The description of their culture greatly plays up their militaristic mindset, pointing out that they are highly disciplined and capable of employing sophisticated tactics. Because of this, unlike orcs and goblins, they retain the "lawful evil" alignment that the other two races have now lost. The society turns out to still be patriarchal, with only males allowed to form warbands and take leadership positions. However, the females are now also warriors, albeit in a subordinate position focused primarily on defence of the tribal home and their children. (The latter are much less numerous than before, although there are still enough to suggest high birth and infant mortality rates).

The former association with carnivorous apes has now gone, with their role taken by ogres, and dire wolves being common in the larger tribes. The text also states that they are "often" leaders among goblin and orcish tribes, apparently even they aren't working for Evil Overlords™. Their much closer association with goblins, in particular, is indicated by the fact that they no longer have their own language, using the goblin tongue instead.


The original step-wise progression of the evil tribal races has gone by this edition, with hobgoblins now being marginally weaker than orcs in most respects. This is, however, compensated for by an even stronger emphasis on their martial culture, describing them as a particularly effective fighting machine that's no longer truly "tribal". Their legions regularly employ longbows and large siege engines, and the general implication is that hobgoblins are now as civilised as anyone else, albeit with a civilisation based entirely on war. 

The physical description is basically the same as in 3E, although the picture now matches the text in terms of skin colour - the warlord in the picture also has a much narrower chin than his counterparts in previous editions, but that could just be him. They have, however, shrunk, now being the same height and weight as a typical human. Hobgoblin armour is now also the equal of anything humans would typically use, typically being mail (rather than reinforced leather), and with leaders getting full suits of plate in a distinctly samurai style reminiscent of that in 1E.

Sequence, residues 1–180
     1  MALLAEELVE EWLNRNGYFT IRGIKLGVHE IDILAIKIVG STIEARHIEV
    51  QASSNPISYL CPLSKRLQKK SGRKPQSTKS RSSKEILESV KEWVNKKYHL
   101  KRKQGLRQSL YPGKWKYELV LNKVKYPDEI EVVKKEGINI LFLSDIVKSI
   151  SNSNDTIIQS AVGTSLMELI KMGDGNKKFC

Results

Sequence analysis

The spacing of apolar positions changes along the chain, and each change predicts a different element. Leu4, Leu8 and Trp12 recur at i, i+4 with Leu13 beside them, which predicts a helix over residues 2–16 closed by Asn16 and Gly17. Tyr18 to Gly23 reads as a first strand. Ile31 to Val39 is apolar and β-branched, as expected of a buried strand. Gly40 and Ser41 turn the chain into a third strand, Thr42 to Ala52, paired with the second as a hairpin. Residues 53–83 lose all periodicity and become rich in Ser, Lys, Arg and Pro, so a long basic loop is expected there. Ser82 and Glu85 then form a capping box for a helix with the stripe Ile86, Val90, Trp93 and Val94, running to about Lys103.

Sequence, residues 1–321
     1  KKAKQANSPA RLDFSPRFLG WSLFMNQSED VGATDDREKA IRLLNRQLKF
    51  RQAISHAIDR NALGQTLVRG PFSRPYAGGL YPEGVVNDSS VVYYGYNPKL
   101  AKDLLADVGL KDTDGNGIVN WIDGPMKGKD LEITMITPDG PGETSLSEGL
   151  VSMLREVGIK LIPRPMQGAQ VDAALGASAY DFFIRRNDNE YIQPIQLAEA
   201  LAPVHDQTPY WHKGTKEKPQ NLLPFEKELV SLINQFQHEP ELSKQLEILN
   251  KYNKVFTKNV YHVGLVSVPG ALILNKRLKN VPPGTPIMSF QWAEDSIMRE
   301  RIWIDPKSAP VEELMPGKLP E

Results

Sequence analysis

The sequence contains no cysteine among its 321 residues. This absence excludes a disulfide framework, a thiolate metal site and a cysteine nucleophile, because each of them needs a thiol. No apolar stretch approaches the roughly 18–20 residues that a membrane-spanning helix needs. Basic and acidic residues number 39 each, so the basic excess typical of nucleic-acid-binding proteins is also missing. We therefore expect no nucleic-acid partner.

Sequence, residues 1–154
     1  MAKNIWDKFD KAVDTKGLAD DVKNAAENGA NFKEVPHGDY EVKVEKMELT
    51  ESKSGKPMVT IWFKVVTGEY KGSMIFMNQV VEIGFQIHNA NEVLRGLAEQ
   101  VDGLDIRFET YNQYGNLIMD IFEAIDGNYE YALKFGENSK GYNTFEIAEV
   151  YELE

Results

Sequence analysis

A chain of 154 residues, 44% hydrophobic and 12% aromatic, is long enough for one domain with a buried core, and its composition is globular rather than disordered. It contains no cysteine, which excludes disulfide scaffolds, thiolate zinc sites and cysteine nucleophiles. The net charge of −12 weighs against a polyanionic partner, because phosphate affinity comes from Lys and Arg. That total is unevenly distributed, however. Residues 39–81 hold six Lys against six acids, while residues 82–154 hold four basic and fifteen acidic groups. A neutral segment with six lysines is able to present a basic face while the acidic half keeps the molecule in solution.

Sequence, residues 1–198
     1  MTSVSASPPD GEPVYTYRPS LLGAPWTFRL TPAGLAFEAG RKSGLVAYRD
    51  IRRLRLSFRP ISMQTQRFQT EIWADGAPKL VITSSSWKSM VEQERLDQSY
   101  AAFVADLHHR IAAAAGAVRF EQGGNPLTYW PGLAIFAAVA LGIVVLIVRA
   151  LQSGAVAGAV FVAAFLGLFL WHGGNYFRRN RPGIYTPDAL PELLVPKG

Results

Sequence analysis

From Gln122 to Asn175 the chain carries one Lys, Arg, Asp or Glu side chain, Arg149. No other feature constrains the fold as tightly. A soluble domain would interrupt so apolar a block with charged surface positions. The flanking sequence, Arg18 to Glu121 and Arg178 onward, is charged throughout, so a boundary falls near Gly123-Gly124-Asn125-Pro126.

In other respects, ruling over goblins now seems the default for hobgoblins, and, for the first time, bugbears are also regularly included in their legions. In a nod to older editions, carnivorous apes make a comeback, although they appear to be unusual additions to the troops, with giant riding wolves being more common, along with more standard beasts of burden, and ravens for communication. It's implied, if only by omission, that the sexes are now of equal status.

With hobgoblins originally being larger, more intelligent, daytime-active, versions of orcs, it's clear that the original intention was something similar to Tolkien's uruk-hai. From here, perhaps in part due to the initial art choices, they have evolved into a steadily more sophisticated - if no less hostile - culture. While every published version in the standard rulebooks, and in the default setting of Forgotten Realms, has stated that different hobgoblin tribes are mutually hostile to one another, a number of other settings have extrapolated their orderly, militaristic lifestyles to the creation of organised, long-lasting, nations.

While I've seen it more than once in home-brew settings, the first published setting to do this was probably Mystara. This shows a fairly tribal culture, based loosely on the Mongols, but enclosed in a relatively narrow area, where they are at war with the local orcs. Since the other tribal races have similar nations, there's perhaps not much particularly distinctive about that of the hobgoblins in this instance.

In Eberron, however, hobgoblins once governed a sizeable empire, and still retain a kingdom that's organised enough to support two cities, one of them particularly large. Here, they rule over a larger number of goblins, along with considerable minorities of other races. As in Forgotten Realms, they appear to be the original race that created the goblins and bugbears (which would explain why, unlike in earlier editions, they all share the same language). 

Kalamar has no less than two hobgoblin nations, speaking related, but mutually unintelligible languages, and with only small minorities of goblins and other races. Each nation supports one major, and one minor, city, which suggests a high degree of organisation. As in the Forgotten Realms setting, hobgoblin wizards also exist, being used solely as military support. Unlike that setting, however, we're specifically told (rather than it just being implied) that females and males have equal standing - although all the main leaders to seem to be the latter. Interestingly, hobgoblins in this setting can crossbreed with humans, although it seems to be rare.

In Pathfinder, hobgoblins are grey-skinned, distancing them from the standard D&D appearance. They are stated to be hairless, although the actual illustrations show that most females, in particular, have a full head of hair. Or possibly they just like wearing wigs. They have forged at least one, and possibly two, nations in the default setting of Golarion, in which it is stated that the goblins are the original race, and hobgoblins a magically created offshoot. They themselves despise magic, but are intelligent enough to be good at science - albeit, given their interests, that mainly means the sort of chemistry that makes things go 'boom'.

Imitating D&D-style hobgoblins in other systems is largely a matter of defining an effective soldier. They are, on average, stronger and tougher than the typical non-combatant human, and in most other respects are largely similar. Being well-disciplined, the fact that they are evil doesn't present the sort of social disadvantages (e.g. uncontrolled bloodlust) that it does for other similar races. In terms of statistics, it's probably more a case that they're all at least moderately efficient soldiers and never have more empathic traits, than that they're really all that different from typical human warriors.